Schilling on Affordable Care Act


Share
Originally Posted Online: Oct. 21, 2012, 5:00 am
Last Updated: Oct. 23, 2012, 12:35 pm
Comment on this story | Print this story | Email this story
By Bobby Schilling

Democrats and Republicans alike agree that our current health care system is broken and must be fixed. The health care reform law, however, fails to improve the quality of care or address the skyrocketing cost of care.
Increasing health care costs lead to higher premiums -- you may even have noticed your health care premiums increasing over the last several years. Even with the law on the books, the nonpartisan Congressional Budget Office predicts that premiums will continue to rise.
The law includes harmful provisions like the Medical Device Tax that will send jobs like those found at Cook Medical in Canton and Thermo Fisher Scientific in Rockford overseas.
It establishes the Independent Payment Advisory Board, a panel of unelected, unaccountable bureaucrats that will be between doctors and Medicare beneficiaries -- including seniors enrolled in Medicare today -- and threaten seniors' access to quality health care.
Furthermore, the law is now estimated to cost taxpayers $1.8 trillion over the next 10 years -- nearly twice its original cost.
My opponent has said we should simply move on. I disagree.
Some folks say we should use the law as a starting block -- a $1.8 trillion starting block. They argue that we should strip only the harmful provisions and go from there. I disagree.
Reform isn't good reform if it doesn't decrease the cost of care or improve the quality of care; if it costs you more, and costs hardworking Americans their jobs.
We should repeal the law in full, and replace it with bipartisan reform that addresses the cost issue and makes it easier to access affordable, quality care.
We cannot simply repeal and be done with it. Our work doesn't stop once we take this law off the books. I'd fight to ensure that folks with preexisting conditions can find affordable coverage, and that young adults under the age of 26 can stay on their parents' insurance.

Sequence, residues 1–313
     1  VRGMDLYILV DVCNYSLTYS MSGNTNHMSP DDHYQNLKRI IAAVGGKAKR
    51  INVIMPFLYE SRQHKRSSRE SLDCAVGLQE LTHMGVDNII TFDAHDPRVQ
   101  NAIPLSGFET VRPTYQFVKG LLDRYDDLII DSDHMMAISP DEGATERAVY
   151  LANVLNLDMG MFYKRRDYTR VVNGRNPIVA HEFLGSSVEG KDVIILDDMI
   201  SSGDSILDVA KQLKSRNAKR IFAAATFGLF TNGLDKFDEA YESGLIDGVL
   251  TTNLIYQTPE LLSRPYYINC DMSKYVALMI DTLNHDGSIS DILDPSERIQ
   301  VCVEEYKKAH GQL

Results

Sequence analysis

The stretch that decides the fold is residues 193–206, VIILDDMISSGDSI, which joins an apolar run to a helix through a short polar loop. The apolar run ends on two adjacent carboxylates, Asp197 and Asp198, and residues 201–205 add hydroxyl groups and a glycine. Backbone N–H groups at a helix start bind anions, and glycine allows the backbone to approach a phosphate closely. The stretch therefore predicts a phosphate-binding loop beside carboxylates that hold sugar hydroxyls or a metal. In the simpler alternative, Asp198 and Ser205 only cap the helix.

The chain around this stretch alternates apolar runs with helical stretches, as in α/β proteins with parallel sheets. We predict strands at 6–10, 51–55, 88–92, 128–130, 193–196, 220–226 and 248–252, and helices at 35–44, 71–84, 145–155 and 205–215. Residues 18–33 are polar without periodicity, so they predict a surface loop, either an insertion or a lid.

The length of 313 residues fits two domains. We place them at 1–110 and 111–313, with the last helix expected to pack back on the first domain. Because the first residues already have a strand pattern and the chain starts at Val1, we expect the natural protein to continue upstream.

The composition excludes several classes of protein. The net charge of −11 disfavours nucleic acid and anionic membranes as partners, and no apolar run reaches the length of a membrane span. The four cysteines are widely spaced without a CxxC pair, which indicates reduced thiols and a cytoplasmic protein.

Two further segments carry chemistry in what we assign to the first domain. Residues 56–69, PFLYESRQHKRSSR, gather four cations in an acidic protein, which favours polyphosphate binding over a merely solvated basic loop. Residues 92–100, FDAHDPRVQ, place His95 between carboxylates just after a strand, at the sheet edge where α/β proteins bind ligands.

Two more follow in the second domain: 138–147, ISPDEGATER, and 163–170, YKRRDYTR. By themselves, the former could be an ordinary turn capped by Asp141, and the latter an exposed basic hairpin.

I'd also fight to guarantee that we leave out harmful policies like the Independent Payment Advisory Board and job-killing provisions like penalties on small businesses and the Medical Device Tax.
We need to ensure that seniors of today and those of tomorrow have access to Medicare, and that they and their families remain in control of health care decisions. I'm not willing to bury my head in the sand and allow Medicare to go bankrupt.
I hope that our friends on the other side of the aisle will sit down and talk about solutions, rather than just use the issue to demagogue and score political points.
We have several solutions on the table to improve our health care system.
I introduced the Charity Care Tax Deduction Act, which would provide a tax deduction to physicians who administer charity care.
I've fought for the Health Flexible Spending Arrangements Improvement Act, a bill that passed the House and would allow 35 million Americans to save unused money in their flexible spending accounts for future use on unexpected medical costs.
I introduced the Enhanced Veteran Health Care Experience Act in an effort to allow veterans convenient access to care from their own doctors in their own hometowns.
I also believe we need to enable folks to purchase insurance across state lines, and seriously tackle tort reform, addressing the out-of-control malpractice insurance costs that are driving doctors away from the medical field.
We have solutions, and I'm confident we can get something done in the next Congress, but we need to sit down, set party aside, and advance reform that lowers costs for all Americans.
Bobby Schilling, R-Colona, represents the 17th Congressional District.














 



Local events heading








  Today is Sunday, April 20, the 110th day of 2014. There are 255 days left in the year.

1864 -- 150 years ago: The attention of contractors is called to proposals for building a magazine. The building is to be erected on the south side of the island, above the railroad, nearly opposite Sinnit's ice houses.
1889 -- 125 years ago: Ladies patent leather tip shoes were selling for $3 at the M & K store, and men's spring overcoats were advertised at $7.50.
1914 -- 100 years ago: Fred Feuchter, of Davenport, was elected president of the Tri-City Post Office Clerks club, and Joe Goldsmith, of Rock Island, was named secretary treasurer.
1939 -- 75 years ago: Mass vaccination of more than 1,600 employed of the Rock Island Arsenal has been ordered by Col. Norman Ramsey after a 13-year-old daughter of the Arsenal manager became ill with smallpox.
1964 -- 50 years ago: The 1964 Scout-O-Rama of the Sac-Fox Council of Boy Scouts closed a two-day session last evening at the Rock Island Armory with 5,000 paid attendance.
1989 -- 25 years ago: "From the horse and buggy days ... to this" said Mercer County Sheriff Marvin Thirtyacre, waving his hand to indicate the sheriff's department facilities at the new $1.5 million Mercer County Jail in Aledo.




(More History)